Over the last weeks, citizens of Austin, Texas, have been plagued by bombings. Five, to be exact, which killed two and injured five more. A sixth bomb was found before it was detonated.
The bomber was using false packages to target and attack members of the Austin community.
But it goes a little deeper than that. The two killed — Anthony House and Draylen Mason — were African American men who were part of families that have long and deep roots in black, religious and civil rights groups in Austin.
It may seem like just a coincidence, but for House and Mason, the bombs that killed them were hand delivered in packages to their home, most presumably by the bomber himself.
Another hand delivered packaged seriously injured a 75-year-old woman who is still in critical condition after the attack.
After these first three bombings, tactics were changed to utilizing trip wires and trying to send packages through FedEx. Police were able to connect the later bombings with the earlier package bombings.
On Wednesday morning, police located who they suspect was the bomber, but he detonated a bomb in his car before capture. This writer is not using the suspect’s name because they believe that criminals who do this are trying to go down in infamy.
And so far there has been radio silence from the nation’s capital. A terrorist was on the loose in Austin, but statements weren’t made, and there was no call to arms. Upon writing this editorial, the Trump administration had still not spoken about this tragedy in Texas.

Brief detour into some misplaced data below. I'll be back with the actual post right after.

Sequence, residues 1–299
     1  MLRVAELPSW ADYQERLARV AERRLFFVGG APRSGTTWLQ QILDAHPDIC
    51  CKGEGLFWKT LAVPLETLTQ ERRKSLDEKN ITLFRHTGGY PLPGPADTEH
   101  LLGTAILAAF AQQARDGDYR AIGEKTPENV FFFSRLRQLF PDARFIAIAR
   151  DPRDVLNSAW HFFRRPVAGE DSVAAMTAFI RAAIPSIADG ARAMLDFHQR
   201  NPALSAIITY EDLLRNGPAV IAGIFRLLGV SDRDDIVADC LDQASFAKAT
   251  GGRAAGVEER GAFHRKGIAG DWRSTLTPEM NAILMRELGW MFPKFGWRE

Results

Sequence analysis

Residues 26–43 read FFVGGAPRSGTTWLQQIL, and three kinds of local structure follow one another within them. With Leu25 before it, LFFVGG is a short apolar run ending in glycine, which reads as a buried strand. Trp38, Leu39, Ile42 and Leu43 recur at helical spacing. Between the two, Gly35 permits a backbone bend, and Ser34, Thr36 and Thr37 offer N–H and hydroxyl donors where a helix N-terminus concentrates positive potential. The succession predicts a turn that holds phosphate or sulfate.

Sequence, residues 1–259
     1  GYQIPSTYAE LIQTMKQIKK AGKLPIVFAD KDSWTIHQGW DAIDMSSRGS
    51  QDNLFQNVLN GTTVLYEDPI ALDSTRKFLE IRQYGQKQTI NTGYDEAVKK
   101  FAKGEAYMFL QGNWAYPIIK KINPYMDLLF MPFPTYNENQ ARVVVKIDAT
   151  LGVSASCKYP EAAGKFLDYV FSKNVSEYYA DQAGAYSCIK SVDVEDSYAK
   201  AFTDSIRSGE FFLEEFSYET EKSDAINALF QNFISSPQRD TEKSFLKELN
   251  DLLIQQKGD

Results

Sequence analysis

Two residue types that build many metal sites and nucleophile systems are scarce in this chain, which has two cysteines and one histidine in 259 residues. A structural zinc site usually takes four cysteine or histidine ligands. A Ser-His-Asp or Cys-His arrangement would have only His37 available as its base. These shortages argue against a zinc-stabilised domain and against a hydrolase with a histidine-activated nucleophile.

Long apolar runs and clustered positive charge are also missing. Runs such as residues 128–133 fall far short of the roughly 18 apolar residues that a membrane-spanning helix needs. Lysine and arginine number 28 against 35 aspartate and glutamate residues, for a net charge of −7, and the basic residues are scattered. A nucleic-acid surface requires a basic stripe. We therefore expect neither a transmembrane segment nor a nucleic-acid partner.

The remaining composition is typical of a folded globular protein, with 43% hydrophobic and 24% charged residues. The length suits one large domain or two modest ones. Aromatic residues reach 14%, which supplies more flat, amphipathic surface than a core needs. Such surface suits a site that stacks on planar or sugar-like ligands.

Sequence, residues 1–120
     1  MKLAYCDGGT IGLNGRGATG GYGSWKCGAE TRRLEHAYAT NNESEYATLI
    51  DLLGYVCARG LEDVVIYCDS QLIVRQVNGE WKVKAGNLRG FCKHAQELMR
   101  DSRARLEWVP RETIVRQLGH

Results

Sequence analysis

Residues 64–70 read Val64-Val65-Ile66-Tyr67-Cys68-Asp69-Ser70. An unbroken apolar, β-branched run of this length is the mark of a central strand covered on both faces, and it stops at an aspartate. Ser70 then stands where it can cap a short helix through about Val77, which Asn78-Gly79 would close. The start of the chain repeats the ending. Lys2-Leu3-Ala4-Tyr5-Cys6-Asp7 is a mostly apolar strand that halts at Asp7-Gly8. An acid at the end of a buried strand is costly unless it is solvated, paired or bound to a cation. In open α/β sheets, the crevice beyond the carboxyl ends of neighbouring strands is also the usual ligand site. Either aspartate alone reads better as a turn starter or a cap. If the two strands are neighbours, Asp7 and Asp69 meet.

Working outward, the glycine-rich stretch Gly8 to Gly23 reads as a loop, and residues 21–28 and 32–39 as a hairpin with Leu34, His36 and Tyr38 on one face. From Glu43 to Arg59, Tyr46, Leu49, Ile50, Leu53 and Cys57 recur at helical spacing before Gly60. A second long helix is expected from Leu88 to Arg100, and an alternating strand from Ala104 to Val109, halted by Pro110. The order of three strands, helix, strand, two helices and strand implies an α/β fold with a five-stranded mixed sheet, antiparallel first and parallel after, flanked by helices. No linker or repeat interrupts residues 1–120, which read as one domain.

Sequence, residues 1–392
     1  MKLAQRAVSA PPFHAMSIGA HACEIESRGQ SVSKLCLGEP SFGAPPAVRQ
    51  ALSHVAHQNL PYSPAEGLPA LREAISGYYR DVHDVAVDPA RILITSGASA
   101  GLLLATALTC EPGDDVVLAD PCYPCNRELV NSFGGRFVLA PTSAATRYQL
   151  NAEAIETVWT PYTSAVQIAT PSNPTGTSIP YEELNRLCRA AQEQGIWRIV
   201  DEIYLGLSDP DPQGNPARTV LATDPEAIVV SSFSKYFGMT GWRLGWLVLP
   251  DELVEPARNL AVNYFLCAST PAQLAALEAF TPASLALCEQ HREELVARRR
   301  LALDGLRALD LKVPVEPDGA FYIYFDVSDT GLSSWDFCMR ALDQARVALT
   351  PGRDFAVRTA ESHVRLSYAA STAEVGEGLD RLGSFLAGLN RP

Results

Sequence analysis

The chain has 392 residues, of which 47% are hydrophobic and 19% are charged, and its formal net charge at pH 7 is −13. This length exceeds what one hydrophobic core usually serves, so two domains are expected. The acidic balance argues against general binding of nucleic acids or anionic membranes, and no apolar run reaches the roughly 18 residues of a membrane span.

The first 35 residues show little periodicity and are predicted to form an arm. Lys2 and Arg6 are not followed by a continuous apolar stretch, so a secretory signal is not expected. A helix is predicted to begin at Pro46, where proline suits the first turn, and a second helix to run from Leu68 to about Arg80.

But the Austin bombings feel like more and more piling on to how unsafe it feels currently.
Every day in this country, it feels a little less safe. School shootings and others jockey back and forth in the news, pushing each other out of the limelight. And now this.
When will enough be enough? Maybe this level of violence has always occurred in this country but we’re just becoming aware of it. But we’re tired. There needs to be an end to this senseless violence.
There must be a way to combat this. In response to the walkouts of last week, some decided to start #WalkUpNotOut. In theory that seems fine, but once you start discussing it, it falls apart.
Imagine you’re a high school student who is bullied and doesn’t have many friends. And all of sudden everyone is being nice to you and sitting with you at lunch. All because they don’t want you to become a school shooter, because they’re afraid of what you could do.
There’s this idea that others are responsible for the actions of individuals. Forcing vulnerable people to have to confront those who could be dangerous is not the right step.
And so far there hasn’t been one that doesn’t do that or challenge the mentally ill — which, by the way, covers more than those deemed “crazy.”